Wednesday, April 08, 2009

The Marvel of the Good Time

"The veritable position of the I in time consists in interrupting time by punctuating it with beginnings" (Levinas, Totality, p. 143). What does the beginning begin from? Is there a time outside of beginnings that would allow for something coming before and after, or a beginning against which other beginnings could be measured? What would be the qualities of such a time outside of beginnings, a time from which beginnings could begin?

The primordial positivity of enjoyment, perfectly innocent, is opposed to nothing and in this sense suffices to itself from the first. An instant or standstill, it is the success of the carpe diem, the sovereignty of the "after us the deluge." These pretensions would be pure nonsense and not eternal temptation could not enjoyment tear itself absolutely from the disintegration characteristic of duration.

(p. 145)

Would joyless time be recognizable as time itself, or would we have to arrive at a recognition of joyless time by a process of subtraction?

We have sought to elaborate the notion of enjoyment in which the I arises and pulsates: we have not determined the I be freedom. Freedom as the possibility of commencement, referring to happiness, to the marvel of the good time standing out from the continuity of the hours, is the production of the I and not one experience among others that "happens" to the I. Separation and atheism, these negative notions, are produced by positive events. To be I, atheist, at home with oneself, separated, happy, created–these are synonyms.

(p. 148)

How does one freely commence enjoying a time apart from the dreary blur of hours? Does one simply say "Let's enjoy ourselves?" Before we produce our freedom, as the possibility of commencement, mustn't we recognize our unfreedom (I'm not going there just yet), our being in the thrall of miseries or at the whim of passions? In what time does this recognition take place? The break from time, or the interruption of duration, appears then to have occurred prior to the onset of beginnings. This being prior bespeaks a felt time, or a response to temporal passions that may itself be passionately felt–indeed if it does give rise to the production of enjoyment it would be passionately felt, though it may appear as passionately felt only after the fact of an enjoyment, or, rather more precisely, a commencement which signifies enjoyment. Commencement would then be prior in its appearance to the ego, the nexus of feeling, prior even to time, which, if it is constituted by the feeling subject, is constituted only after the fact of its being felt, and perhaps also then after its quality of feeling had being signified, even meontically. Hmm.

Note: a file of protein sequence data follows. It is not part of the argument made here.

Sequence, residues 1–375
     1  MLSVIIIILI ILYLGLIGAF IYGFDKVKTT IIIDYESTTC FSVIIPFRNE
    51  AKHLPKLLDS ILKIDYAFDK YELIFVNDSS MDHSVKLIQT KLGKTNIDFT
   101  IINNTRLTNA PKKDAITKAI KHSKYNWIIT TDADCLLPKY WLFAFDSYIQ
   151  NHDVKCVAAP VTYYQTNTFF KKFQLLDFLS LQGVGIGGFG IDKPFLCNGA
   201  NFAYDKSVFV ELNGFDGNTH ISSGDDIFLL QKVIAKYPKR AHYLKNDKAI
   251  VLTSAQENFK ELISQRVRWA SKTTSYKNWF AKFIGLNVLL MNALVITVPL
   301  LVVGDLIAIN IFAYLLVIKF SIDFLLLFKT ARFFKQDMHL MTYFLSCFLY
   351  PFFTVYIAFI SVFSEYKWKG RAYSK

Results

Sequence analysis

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posted by Fido the Yak at 6:44 AM.


Anonymous Anonymous said...

Hmm, just 'examined' an m.a.thesis on the rajneesh movement (remember the oregon ranch)! It made me revisit a lot of things like Krishnamurti and Gurdjieff - even Chogyam Trungpa Ringpoche (Boulder, Colorado). And Crocco's 'inside the instant'.
'thought , which is matter, cannot seek that which is beyond time, for thought is memory, and the experience in that memory is as dead as the leaf of last autumn.' (Krishnamurti, Meditations, 1969.) 'It was one of those lovely mornings that have never been before. The sun was just coming up and you saw it between the eucalyptus and the pine. ......'
Agenanda Bharati wrote a useful bk called 'Light at the Center, context and pretext in modern mysticism,' right up your alley I surmise....
hugs, p.

April 09, 2009 2:27 AM  
Blogger Fido the Yak said...

Never heard of Agehananda Bharati before. Shame on me. Now I've got Light at the Center and one of his ethnographic works to pick up at the library.

April 09, 2009 3:59 PM  
Blogger Fido the Yak said...

I don't know about thought being memory, rather than memory being a kind of thought. You know the da Vinci quote about argument from authority? When I'm thinking I feel alive and engaged. But this feeling I have about thinking is so ambivalent.

April 09, 2009 4:01 PM  
Anonymous Anonymous said...

For the 'actualism' of Crocco, the past and future are 'in the present' of an empsyched being. So in a sense everything is in the present moment. This is the Jurassic transformed - here, now, in this moment.
Bharati was one of the few german sanskrit knowledgeable folk around ages ago. He went to India and became a sannyasin. Wrote the 'Ochre Robe', and eventually made it to the u.s. of a. Witty, ironic and perceptive. Dated but still quite valuable. He liked Alan Watts and Krishnamurti (and Gurdjieff)....

Be here now (Ram Dass)!

April 09, 2009 7:17 PM  
Anonymous Anonymous said...

btw, you can't be expected to know everything, you're doing a great job out there in the jungle - no shame (smile)

April 10, 2009 2:41 AM  

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